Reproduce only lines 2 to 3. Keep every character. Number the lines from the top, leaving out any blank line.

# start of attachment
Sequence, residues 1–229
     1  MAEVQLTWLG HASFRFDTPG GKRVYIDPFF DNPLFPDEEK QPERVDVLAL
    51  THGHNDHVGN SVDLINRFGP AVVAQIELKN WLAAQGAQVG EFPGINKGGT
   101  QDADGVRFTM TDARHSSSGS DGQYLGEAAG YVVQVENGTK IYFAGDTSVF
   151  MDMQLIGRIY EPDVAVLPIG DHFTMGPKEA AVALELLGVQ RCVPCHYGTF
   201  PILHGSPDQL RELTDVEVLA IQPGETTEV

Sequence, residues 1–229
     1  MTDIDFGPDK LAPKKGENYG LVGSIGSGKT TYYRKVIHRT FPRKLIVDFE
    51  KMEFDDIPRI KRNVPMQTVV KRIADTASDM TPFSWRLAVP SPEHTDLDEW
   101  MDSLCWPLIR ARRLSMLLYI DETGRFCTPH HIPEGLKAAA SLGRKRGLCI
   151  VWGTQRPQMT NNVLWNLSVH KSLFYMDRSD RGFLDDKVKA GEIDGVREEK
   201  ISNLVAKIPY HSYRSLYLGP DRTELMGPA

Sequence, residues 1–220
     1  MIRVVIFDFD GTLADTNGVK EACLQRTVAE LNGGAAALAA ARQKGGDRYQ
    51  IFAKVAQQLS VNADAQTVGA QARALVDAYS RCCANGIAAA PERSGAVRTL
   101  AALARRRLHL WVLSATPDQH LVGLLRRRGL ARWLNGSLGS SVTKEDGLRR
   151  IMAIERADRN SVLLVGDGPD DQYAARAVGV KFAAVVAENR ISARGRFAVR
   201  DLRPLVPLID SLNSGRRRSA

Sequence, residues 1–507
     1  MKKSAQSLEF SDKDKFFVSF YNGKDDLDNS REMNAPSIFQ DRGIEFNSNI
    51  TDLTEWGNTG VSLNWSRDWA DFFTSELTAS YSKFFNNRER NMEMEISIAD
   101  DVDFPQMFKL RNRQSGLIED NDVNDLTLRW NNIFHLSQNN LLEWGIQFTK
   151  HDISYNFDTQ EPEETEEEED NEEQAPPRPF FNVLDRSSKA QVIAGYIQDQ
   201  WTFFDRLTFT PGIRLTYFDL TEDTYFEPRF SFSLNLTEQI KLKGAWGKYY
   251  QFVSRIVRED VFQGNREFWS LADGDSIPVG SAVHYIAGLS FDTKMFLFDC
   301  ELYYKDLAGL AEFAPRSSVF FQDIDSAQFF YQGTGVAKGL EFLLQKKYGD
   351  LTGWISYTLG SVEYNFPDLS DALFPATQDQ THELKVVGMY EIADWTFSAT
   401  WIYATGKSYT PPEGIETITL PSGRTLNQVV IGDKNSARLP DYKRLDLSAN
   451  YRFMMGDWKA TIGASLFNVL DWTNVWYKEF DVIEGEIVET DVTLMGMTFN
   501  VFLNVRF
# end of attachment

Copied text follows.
     1  MAEVQLTWLG HASFRFDTPG GKRVYIDPFF DNPLFPDEEK QPERVDVLAL
    51  THGHNDHVGN SVDLINRFGP AVVAQIELKN WLAAQGAQVG EFPGINKGGT